“Strive to enter through the narrow gate…” (Luke 13:24)

One of the greatest examples for entering through the narrow gate to holiness was John Mary Vianney. He was the last in his class. In French and Latin, he was the last student. He failed in Theology studies. So, he was asked to leave the seminary. After that he was taught Theology privately and was ordained in 1815. Three years later he was appointed to the parish of Ars, a parish, where practically no one went to church. In a few years people began to come on pilgrimage to Ars. He became the most sought-after spiritual advisor. It is an example of last being first. John Mary Vianney was last but now he is the patron of parish priests. What has caused the miracle? The gracious touch of the Lord. This miracle will happen to anyone who tries to enter by the narrow gate; who disregards the standards of the world and sets his goal on high.

I think of what happens on the freeway or expressway when there is a bad accident. The police close off three lanes; only one single lane is open, which is like the narrow door. All the traffic slows down and at times comes to a complete stop because of the bottleneck. As I think of the narrow door Jesus refers to, I see people all bunched up like cars on the freeway, moving very slowly, trying to squeeze through the one open lane. Drivers are upset. They are fussing and fuming and making obscene gestures at each other. Cars and tempers are overheating. The bottleneck is a pain in the neck. Sin is like the accident on the freeway which causes all the trouble. This is not an inviting scene but is an image of what it means to get to Heaven. I realize that only one person has to get to that door. That person is Jesus Christ. And through that door he has passed in the paschal mystery of the death and resurrection. We do not have to force our way through that door. All we have to do is make sure we are united with Jesus, who is the door to heaven.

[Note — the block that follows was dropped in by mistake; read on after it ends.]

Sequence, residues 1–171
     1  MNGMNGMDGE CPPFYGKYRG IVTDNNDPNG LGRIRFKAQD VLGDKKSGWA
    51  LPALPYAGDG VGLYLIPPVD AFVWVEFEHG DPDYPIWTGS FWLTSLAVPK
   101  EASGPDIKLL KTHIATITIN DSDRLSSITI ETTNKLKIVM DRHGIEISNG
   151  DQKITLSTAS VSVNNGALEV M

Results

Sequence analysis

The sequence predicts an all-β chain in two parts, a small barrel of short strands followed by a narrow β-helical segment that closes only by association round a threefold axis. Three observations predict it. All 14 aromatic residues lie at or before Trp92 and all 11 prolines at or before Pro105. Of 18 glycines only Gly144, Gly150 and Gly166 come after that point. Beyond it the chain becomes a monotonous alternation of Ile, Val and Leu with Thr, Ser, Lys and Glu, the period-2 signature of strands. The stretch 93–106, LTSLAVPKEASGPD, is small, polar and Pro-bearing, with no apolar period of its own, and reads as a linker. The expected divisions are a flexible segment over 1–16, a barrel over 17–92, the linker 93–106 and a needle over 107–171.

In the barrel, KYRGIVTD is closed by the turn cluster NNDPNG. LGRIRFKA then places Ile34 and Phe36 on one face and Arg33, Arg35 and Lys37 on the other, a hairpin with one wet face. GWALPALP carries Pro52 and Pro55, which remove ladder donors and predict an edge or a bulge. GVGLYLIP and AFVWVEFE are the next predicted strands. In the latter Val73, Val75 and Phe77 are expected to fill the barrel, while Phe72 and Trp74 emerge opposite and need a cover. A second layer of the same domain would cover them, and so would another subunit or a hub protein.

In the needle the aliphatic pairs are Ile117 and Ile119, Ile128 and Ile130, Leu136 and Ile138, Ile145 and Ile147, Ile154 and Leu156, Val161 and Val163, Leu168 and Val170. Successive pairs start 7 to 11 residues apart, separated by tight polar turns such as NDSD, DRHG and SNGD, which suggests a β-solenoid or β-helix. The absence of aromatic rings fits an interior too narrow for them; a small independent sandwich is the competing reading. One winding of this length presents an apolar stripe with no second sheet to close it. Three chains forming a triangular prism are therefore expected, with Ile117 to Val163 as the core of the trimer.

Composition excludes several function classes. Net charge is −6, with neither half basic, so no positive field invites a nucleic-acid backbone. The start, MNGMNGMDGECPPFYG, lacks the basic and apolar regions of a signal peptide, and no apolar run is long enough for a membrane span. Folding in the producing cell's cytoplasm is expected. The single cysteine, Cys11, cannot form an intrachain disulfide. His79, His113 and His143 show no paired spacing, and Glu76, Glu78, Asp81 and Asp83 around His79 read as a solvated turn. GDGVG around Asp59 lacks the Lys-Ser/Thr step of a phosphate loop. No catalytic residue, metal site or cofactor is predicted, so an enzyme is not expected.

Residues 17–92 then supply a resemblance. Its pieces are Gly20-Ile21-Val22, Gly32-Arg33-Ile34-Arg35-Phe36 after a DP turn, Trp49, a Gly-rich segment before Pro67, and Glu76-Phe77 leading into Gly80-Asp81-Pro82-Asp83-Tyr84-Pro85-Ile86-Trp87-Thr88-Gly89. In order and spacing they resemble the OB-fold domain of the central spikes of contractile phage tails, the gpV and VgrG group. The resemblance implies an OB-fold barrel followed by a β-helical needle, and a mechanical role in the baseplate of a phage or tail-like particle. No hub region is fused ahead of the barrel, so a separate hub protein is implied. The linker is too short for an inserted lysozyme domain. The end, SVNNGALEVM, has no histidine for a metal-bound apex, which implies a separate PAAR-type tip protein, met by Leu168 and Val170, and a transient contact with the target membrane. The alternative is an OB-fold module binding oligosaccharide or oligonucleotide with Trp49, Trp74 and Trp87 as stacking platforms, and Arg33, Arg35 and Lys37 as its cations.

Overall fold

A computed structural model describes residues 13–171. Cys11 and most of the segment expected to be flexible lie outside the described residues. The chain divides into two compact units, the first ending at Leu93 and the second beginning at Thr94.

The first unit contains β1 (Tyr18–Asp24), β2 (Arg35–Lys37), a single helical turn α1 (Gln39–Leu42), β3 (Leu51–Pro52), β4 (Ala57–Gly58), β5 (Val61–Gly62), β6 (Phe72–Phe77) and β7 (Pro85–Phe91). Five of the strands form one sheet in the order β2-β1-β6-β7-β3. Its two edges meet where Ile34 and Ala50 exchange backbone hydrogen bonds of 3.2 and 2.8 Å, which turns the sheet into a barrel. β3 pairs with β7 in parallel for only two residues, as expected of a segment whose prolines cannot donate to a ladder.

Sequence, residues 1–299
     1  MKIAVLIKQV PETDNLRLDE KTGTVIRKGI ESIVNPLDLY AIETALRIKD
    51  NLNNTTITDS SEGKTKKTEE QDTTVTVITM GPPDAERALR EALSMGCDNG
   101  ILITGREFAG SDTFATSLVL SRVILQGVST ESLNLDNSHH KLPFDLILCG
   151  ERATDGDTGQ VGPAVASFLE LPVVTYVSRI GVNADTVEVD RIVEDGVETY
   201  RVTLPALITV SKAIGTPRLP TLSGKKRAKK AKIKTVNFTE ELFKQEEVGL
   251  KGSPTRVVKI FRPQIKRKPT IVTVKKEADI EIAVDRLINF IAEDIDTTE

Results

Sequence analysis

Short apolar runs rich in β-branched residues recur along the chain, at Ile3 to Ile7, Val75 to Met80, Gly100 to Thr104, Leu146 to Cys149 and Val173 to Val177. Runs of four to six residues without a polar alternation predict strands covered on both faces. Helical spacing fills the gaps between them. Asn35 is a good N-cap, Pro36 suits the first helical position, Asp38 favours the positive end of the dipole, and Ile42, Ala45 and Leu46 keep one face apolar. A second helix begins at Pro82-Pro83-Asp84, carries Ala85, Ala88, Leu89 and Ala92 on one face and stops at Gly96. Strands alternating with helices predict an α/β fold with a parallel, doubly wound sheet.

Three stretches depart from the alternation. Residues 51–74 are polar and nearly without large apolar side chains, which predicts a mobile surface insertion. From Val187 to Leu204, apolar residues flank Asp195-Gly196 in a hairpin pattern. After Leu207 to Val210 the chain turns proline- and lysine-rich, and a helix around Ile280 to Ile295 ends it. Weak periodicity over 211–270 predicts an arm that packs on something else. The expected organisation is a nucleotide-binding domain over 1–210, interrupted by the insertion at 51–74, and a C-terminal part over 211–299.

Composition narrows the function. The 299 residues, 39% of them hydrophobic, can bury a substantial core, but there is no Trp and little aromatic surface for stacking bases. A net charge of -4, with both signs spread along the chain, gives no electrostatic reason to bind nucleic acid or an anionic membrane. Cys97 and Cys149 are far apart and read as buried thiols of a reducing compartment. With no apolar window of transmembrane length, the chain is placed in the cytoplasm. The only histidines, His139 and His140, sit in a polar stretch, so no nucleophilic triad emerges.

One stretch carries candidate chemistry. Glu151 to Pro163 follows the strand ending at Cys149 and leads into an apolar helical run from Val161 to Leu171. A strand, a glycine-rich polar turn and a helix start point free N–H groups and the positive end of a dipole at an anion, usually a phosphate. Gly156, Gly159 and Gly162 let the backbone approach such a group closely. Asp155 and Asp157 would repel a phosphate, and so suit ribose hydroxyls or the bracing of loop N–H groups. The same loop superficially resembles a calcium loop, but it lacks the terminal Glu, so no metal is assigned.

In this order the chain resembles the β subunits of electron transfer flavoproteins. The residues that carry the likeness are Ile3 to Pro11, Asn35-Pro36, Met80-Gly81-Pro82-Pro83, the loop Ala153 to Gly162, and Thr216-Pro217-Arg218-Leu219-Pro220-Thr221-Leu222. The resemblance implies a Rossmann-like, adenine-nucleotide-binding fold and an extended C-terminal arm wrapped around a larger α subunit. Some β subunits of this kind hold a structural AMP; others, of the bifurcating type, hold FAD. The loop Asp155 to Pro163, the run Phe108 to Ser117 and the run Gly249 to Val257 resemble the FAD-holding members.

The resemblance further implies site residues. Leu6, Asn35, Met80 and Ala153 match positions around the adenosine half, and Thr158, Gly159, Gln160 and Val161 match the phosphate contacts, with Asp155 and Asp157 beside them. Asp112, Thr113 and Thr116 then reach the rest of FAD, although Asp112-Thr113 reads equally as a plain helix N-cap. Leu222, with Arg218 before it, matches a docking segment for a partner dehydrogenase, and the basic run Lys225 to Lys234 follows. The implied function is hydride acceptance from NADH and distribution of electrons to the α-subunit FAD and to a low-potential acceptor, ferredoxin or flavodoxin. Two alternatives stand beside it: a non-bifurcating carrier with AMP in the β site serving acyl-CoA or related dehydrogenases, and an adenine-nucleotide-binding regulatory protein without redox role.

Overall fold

Jesus says: The gate is wide and the road is easy that leads to destruction (spiritual ruin); but the gate is narrow and the road is hard that leads to life (spiritual salvation). Every day we have to choose which road we will take. Spiritual ruin or spiritual salvation happens little by little every day. And every day we must choose whether we will enter the wide gate and walk the easy road, or enter the narrow gate and walk the hard road. Every day we must choose the path of spiritual ruin or spiritual redemption.

It’s not easy. Jesus said it wouldn’t be easy—it’s a narrow gate and a hard road that leads to life. The spiritual journey many of us take during Lent reminds us that the adventure we are on leads not to a throne, not to a place or position of power, but a cross.

Fr. Charles Chidiebere Mmaduekwe